According to my Grandfather who was a tailor "from the Old Country" that was the purpose. Showed up on all the fine suits of the time. In those days, everyone who didn't "shovel (synonym for agricultural waste)" wore a suit to work. Bricklayer to Accountant. Some just wore fancier suits. Clean ones too sometimes.
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    Moderator / Administrator Grapeshot's Avatar
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    Quote Originally Posted by amlevin View Post
    According to my Grandfather who was a tailor "from the Old Country" that was the purpose. Showed up on all the fine suits of the time. In those days, everyone who didn't "shovel (synonym for agricultural waste)" wore a suit to work. Bricklayer to Accountant. Some just wore fancier suits. Clean ones too sometimes.
    The more expensive suits had more buttons per sleeve than the cheaper ones too.
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    Anti-Saldana Freedom Fighter Venator's Avatar
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    Quote Originally Posted by xxx.jakk.xxx View Post
    I did not know that. I just figured it was for "Citizen on Patrol" since I've seen it written on the back of some Police Cars in Port orchard.
    And it was Constable on Patrol
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    Regular Member MKEgal's Avatar
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    Quote Originally Posted by xxx.jakk.xxx
    people's mis-usage of the word so much has actually made "clip" mean the same as "magazine"
    Kinda like how Kleenex[TM] is still technically a trademark for a brand of facial tissue, but 'kleenex' is used generically to ask for a facial tissue?

    Jell-O is similar in being specific & generic.

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    Regular Member xxx.jakk.xxx's Avatar
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    Quote Originally Posted by Venator View Post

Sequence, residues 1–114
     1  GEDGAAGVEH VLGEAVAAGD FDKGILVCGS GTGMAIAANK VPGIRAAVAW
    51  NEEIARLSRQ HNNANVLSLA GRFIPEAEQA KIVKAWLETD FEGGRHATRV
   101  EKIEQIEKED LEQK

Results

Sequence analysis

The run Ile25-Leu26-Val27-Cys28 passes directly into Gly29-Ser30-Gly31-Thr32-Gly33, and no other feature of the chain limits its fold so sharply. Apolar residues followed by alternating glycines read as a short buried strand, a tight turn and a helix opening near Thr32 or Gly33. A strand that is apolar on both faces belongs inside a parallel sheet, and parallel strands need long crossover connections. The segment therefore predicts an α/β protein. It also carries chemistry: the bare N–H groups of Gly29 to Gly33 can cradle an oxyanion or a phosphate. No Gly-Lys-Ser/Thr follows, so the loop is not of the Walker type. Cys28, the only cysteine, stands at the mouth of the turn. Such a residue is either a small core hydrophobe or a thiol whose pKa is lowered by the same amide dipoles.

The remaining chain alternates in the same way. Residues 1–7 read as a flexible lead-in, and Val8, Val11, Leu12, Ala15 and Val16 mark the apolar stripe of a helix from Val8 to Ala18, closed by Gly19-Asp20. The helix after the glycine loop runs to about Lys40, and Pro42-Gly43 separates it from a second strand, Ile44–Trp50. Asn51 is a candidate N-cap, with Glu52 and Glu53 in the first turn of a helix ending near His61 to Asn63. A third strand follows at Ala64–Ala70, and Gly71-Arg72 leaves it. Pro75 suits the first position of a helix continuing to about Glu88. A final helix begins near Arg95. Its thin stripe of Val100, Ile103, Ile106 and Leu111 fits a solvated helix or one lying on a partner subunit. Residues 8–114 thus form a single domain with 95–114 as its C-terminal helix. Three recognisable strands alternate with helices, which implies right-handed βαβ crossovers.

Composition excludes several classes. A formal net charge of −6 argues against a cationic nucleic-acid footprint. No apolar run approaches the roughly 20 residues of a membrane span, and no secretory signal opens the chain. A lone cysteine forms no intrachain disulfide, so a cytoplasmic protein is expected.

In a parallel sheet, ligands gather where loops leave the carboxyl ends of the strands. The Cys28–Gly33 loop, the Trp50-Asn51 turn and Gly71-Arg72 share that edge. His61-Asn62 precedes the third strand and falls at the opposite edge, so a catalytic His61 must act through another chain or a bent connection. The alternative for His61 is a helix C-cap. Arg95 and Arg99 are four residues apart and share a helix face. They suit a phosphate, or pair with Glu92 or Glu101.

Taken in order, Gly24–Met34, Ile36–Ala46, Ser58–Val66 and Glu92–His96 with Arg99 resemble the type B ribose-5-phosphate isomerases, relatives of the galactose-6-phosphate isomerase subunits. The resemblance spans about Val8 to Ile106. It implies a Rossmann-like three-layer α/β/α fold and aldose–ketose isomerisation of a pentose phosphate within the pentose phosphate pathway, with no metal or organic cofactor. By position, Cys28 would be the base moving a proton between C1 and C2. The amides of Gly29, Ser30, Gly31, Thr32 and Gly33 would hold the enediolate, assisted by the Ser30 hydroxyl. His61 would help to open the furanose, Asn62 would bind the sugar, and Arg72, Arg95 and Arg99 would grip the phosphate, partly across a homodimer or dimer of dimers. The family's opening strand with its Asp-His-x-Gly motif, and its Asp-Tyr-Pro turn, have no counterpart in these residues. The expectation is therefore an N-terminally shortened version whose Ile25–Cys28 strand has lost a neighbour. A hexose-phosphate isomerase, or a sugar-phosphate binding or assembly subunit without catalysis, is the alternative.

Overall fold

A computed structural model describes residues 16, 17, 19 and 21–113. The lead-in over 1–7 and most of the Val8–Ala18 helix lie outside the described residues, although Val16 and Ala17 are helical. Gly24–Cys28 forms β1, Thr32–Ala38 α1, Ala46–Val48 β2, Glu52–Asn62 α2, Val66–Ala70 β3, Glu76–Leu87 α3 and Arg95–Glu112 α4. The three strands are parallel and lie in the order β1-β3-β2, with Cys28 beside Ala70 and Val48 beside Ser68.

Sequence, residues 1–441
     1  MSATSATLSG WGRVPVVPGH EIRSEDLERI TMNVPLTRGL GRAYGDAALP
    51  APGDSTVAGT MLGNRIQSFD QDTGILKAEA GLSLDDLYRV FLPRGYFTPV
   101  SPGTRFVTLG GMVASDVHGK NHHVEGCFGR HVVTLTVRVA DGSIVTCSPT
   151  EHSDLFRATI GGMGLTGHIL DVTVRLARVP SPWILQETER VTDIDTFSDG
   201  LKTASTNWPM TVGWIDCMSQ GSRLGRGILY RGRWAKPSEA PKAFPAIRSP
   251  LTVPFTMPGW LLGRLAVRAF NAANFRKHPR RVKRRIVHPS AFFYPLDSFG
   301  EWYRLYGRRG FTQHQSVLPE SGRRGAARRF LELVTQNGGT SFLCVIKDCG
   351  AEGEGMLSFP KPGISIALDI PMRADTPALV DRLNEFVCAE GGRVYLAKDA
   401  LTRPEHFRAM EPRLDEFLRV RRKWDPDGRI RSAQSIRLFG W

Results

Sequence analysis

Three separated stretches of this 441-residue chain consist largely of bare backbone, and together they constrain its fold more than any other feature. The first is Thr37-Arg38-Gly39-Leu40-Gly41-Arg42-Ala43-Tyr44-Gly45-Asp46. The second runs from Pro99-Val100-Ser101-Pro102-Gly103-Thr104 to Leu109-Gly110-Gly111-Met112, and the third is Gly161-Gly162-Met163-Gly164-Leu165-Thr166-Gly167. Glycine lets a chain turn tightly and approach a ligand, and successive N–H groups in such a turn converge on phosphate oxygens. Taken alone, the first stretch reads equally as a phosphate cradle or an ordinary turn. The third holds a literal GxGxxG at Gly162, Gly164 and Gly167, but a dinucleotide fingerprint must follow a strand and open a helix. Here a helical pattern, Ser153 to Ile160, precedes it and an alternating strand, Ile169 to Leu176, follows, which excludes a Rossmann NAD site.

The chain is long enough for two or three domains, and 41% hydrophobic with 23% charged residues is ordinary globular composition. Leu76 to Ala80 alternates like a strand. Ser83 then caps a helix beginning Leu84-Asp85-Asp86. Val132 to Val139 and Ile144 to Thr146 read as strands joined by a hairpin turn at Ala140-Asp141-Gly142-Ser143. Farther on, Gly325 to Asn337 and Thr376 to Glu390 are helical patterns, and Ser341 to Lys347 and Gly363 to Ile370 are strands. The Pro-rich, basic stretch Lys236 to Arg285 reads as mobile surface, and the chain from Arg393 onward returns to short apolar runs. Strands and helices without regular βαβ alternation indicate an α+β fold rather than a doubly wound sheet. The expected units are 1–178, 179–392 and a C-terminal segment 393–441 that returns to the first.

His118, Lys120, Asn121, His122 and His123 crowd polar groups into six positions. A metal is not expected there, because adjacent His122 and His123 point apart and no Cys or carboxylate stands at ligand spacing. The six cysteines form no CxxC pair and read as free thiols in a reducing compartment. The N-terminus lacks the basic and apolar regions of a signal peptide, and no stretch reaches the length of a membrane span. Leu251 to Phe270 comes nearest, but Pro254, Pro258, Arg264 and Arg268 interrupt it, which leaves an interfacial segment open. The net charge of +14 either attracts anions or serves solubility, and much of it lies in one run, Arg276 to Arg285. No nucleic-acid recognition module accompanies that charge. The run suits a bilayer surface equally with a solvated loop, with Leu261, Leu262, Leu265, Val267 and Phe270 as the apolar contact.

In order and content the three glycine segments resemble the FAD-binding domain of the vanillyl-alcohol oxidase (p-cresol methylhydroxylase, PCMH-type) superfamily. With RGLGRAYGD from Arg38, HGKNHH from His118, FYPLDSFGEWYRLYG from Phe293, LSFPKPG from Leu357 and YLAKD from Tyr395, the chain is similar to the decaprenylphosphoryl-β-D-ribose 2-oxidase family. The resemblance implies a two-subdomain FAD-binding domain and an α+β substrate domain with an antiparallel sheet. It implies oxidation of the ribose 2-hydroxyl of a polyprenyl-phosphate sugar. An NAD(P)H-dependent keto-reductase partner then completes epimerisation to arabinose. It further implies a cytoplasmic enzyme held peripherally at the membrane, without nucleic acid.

And it was Constable on Patrol
    In this area I've only seen "Citizen", but 1911 already explained that that is because they're volunteers.

    Quote Originally Posted by MKEgal View Post
    Kinda like how Kleenex[TM] is still technically a trademark for a brand of facial tissue, but 'kleenex' is used generically to ask for a facial tissue?

    Jell-O is similar in being specific & generic.

    Pretty much. Everything that I can find that actually states the difference mentions that now they are synonymous for each other, now, because of people using them interchangeably before.
    Last edited by xxx.jakk.xxx; 05-28-2011 at 07:30 PM.
    "though I walk through the valley in the shadow of death, I fear no evil, for I know that you are by my side" Psalms 23:4

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    zipper
    band-aid
    scotch tape

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    Quote Originally Posted by Trigger Dr View Post
    No, short for "Copper" which related to the copper buttons on the uniform sleeves. These buttons were to disuade wiping ones nose on the coat sleeve.
    Another version says it was because a lot of the badges were actually made of copper. Nothing about buttons. Back then handkerchiefs were quite commonly used to wipe noses, not sleeves.

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    Quote Originally Posted by OldCurlyWolf View Post